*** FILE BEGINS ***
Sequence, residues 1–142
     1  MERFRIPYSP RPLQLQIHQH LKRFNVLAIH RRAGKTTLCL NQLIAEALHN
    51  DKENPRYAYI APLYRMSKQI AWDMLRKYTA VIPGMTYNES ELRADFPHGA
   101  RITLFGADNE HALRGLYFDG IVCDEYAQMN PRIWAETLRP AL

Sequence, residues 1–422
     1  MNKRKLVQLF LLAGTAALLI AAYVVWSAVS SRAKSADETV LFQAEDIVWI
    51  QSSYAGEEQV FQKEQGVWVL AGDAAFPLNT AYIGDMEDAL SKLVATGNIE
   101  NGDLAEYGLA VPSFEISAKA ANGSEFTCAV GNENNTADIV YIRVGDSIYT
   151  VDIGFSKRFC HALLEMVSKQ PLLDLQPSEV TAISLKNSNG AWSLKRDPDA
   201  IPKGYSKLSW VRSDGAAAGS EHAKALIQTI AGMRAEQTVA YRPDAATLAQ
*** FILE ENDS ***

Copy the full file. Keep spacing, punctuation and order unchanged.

Sequence, residues 1–142
     1  MERFRIPYSP RPLQLQIHQH LKRFNVLAIH RRAGKTTLCL NQLIAEALHN
    51  DKENPRYAYI APLYRMSKQI AWDMLRKYTA VIPGMTYNES ELRADFPHGA
   101  RITLFGADNE HALRGLYFDG IVCDEYAQMN PRIWAETLRP AL

Sequence, residues 1–422
     1  MNKRKLVQLF LLAGTAALLI AAYVVWSAVS SRAKSADETV LFQAEDIVWI
    51  QSSYAGEEQV FQKEQGVWVL AGDAAFPLNT AYIGDMEDAL SKLVATGNIE
   101  NGDLAEYGLA VPSFEISAKA ANGSEFTCAV GNENNTADIV YIRVGDSIYT
   151  VDIGFSKRFC HALLEMVSKQ PLLDLQPSEV TAISLKNSNG AWSLKRDPDA
   201  IPKGYSKLSW VRSDGAAAGS EHAKALIQTI AGMRAEQTVA YRPDAATLAQ